“The Content Trap is a book filled with stories of businesses, from music companies to magazine publishers, that missed connections and could never escape the narrow views that had brought them past success. But it is also filled with stories of those who made strategic choices to strengthen the links between content and returns in their new master plans. . . . The book is a call to clear thinking and reassessing why things are the way they are.”—The Wall Street Journal
To understand a thwarted Turkish coup, an anti–Wall Street encampment, and a packed Tahrir Square, we must first comprehend the power and the weaknesses of using new technologies to mobilize large numbers of people. An incisive observer, writer, and participant in today’s social movements, Zeynep Tufekci explains in this accessible and compelling book the nuanced trajectories of modern protests—how they form, how they operate differently from past protests, and why they have difficulty persisting in their long-term quests for change.
Tufekci speaks from direct experience, combining on-the-ground interviews with insightful analysis. She describes how the internet helped the Zapatista uprisings in Mexico, the necessity of remote Twitter users to organize medical supplies during Arab Spring, the refusal to use bullhorns in the Occupy Movement that started in New York, and the empowering effect of tear gas in Istanbul’s Gezi Park. These details from life inside social movements complete a moving investigation of authority, technology, and culture—and offer essential insights into the future of governance.
In this fascinating New York Times bestseller, the author of The Best and the Brightest, The Fifties, and other acclaimed histories turns his investigative eye to the rise of the American media in the twentieth century.
Focusing on the successes and failures of CBS Television, Time magazine, the Washington Post, and the Los Angeles Times, David Halberstam paints a portrait of the era when large, powerful mainstream media sources emerged as a force, showing how they shifted from simply reporting the news to becoming a part of it. By examining landmark events such as Franklin D. Roosevelt’s masterful use of the radio and the unprecedented coverage of the Watergate break-in, Halberstam demonstrates how print and broadcast media as a whole became a player in society and helped shape public policy.
Drawn from hundreds of exhaustive interviews with insiders at each company, and hailed by the Seattle Times as “a monumental X-ray study of power,” The Powers That Be reveals the tugs-of-war between political ambition and the quest for truth in a page-turning read.
This ebook features an extended biography of David Halberstam.
Paducah, Kentucky, 1997: a 14-year-old boy shoots eight students in a prayer circle at his school. Littleton, Colorado, 1999: two high school seniors kill a teacher, twelve other students, and then themselves. Utoya, Norway, 2011: a political extremist shoots and kills sixty-nine participants in a youth summer camp. Newtown, Connecticut, 2012: a troubled 20-year-old man kills 20 children and six adults at the elementary school he once attended.
What links these and other horrific acts of mass murder? A young person's obsession with video games that teach to kill.
Lt. Col. Dave Grossman, who in his perennial bestseller On Killingrevealed that most of us are not "natural born killers" - and who has spent decades training soldiers, police, and others who keep us secure to overcome the intrinsic human resistance to harming others and to use firearms responsibly when necessary - turns a laser focus on the threat posed to our society by violent video games.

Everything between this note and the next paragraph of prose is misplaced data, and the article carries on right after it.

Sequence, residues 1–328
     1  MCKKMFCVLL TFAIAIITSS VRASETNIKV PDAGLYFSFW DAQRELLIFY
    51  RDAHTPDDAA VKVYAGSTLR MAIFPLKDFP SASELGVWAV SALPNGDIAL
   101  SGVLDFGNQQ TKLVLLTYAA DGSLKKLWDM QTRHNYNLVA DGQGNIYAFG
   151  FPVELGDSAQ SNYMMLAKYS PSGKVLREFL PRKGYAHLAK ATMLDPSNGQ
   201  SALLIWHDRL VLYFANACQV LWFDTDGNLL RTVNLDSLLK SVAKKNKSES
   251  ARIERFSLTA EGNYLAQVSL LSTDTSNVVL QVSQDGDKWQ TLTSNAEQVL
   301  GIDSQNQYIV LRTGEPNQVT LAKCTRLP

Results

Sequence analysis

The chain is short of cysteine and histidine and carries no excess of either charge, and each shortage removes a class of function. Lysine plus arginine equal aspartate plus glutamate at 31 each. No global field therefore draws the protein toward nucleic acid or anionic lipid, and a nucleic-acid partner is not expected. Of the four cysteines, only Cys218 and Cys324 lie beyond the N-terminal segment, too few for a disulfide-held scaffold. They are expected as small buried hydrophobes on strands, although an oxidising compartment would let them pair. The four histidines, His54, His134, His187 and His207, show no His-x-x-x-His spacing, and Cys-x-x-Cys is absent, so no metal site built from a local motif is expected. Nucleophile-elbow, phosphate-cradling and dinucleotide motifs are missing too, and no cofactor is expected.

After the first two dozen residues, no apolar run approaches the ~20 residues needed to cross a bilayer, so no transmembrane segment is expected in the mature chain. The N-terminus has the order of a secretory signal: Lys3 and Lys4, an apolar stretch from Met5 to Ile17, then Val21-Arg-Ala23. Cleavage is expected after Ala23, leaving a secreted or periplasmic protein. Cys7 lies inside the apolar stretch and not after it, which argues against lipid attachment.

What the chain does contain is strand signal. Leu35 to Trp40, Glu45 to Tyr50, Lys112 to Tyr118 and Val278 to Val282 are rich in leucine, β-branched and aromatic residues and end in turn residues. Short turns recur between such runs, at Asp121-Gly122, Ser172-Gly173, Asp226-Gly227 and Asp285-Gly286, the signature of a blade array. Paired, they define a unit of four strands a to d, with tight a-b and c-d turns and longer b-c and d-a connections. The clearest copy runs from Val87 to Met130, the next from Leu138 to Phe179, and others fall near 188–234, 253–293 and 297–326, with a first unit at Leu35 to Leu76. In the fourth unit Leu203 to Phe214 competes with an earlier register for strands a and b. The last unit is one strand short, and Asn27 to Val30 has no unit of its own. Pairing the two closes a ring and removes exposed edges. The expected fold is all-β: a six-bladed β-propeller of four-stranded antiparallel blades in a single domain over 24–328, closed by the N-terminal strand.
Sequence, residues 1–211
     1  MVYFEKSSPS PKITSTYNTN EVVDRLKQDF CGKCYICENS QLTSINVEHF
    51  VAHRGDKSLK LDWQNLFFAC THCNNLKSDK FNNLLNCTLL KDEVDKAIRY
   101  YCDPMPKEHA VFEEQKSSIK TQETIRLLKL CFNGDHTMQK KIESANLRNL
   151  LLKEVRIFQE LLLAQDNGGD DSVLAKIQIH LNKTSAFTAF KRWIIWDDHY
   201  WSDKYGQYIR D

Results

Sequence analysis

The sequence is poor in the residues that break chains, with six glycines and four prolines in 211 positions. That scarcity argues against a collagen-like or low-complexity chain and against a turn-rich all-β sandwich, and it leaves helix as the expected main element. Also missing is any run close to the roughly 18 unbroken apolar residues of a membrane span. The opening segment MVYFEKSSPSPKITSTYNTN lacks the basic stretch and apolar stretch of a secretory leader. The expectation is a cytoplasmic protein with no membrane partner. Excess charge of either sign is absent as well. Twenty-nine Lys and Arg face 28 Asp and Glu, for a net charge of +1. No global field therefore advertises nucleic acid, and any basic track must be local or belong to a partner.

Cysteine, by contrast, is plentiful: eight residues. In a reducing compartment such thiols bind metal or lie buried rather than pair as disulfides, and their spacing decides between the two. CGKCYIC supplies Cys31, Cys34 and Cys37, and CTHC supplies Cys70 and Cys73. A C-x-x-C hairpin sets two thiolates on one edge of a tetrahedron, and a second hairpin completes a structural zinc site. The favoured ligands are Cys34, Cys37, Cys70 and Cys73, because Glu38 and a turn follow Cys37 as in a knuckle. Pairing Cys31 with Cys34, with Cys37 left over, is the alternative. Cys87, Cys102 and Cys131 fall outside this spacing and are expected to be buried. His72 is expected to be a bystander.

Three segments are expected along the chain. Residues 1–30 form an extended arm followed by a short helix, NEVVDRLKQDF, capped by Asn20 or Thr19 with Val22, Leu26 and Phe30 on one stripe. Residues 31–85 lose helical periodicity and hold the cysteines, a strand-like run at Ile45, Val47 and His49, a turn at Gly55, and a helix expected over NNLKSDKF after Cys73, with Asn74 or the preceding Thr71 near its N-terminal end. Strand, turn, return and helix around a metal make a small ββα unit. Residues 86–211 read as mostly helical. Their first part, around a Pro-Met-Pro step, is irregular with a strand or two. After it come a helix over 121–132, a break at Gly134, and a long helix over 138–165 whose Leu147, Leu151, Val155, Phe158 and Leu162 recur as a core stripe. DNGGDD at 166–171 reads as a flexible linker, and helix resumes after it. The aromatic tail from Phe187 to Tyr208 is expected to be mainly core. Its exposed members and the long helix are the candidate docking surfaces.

Drawing on crime statistics, cutting-edge social research, and scientific studies of the teenage brain, Col. Grossman shows how video games that depict antisocial, misanthropic, casually savage behavior can warp the mind - with potentially deadly results. His book will become the focus of a new national conversation about video games and the epidemic of mass murders that they have unleashed.
Bringing together an impressive group of established scholars from television studies, film studies, sound studies, games studies, and more, each of the 65 essays in the volume focuses on a critical concept, from “fan” to “industry,” and “celebrity” to “surveillance.” Keywords for Media Studies is an essential tool that introduces key terms, research traditions, debates, and their histories, and offers a sense of the new frontiers and questions emerging in the field of media studies. Visit keywords.nyupress.org for online essays, teaching resources, and more.
Including a new preface by the author, this Princeton Classics edition is a definitive work that has found an avid readership from students of film theory to major Hollywood filmmakers.
CNN correspondent Brian Stelter reveals the dark side of morning television with exclusive material about current and past morning stars, from Matt Lauer to Katie Couric
When America wakes up with personable and charming hosts like Robin Roberts and George Stephanopoulos, it's hard to imagine their show bookers having to guard a guest's hotel room all night to prevent rival shows from poaching. But that is just a glimpse of the intense reality revealed in this gripping look into the most competitive time slot in television.
Featuring exclusive content about all the major players of the 2000s, TOP OF THE MORNING illuminates what it takes to win the AM -- when every single viewer counts, tons of jobs are on the line, and hundreds of millions of dollars are at stake. Stelter is behind the scenes as Ann Curry replaces Meredith Vieira on the Today show, only to be fired a year later in a fiasco that made national headlines. He's backstage as Good Morning America launches an attack to dethrone Today and end the longest consecutive winning streak in morning television history. And he's there as Roberts is diagnosed with a crippling disease -- on what should be the happiest day of her career.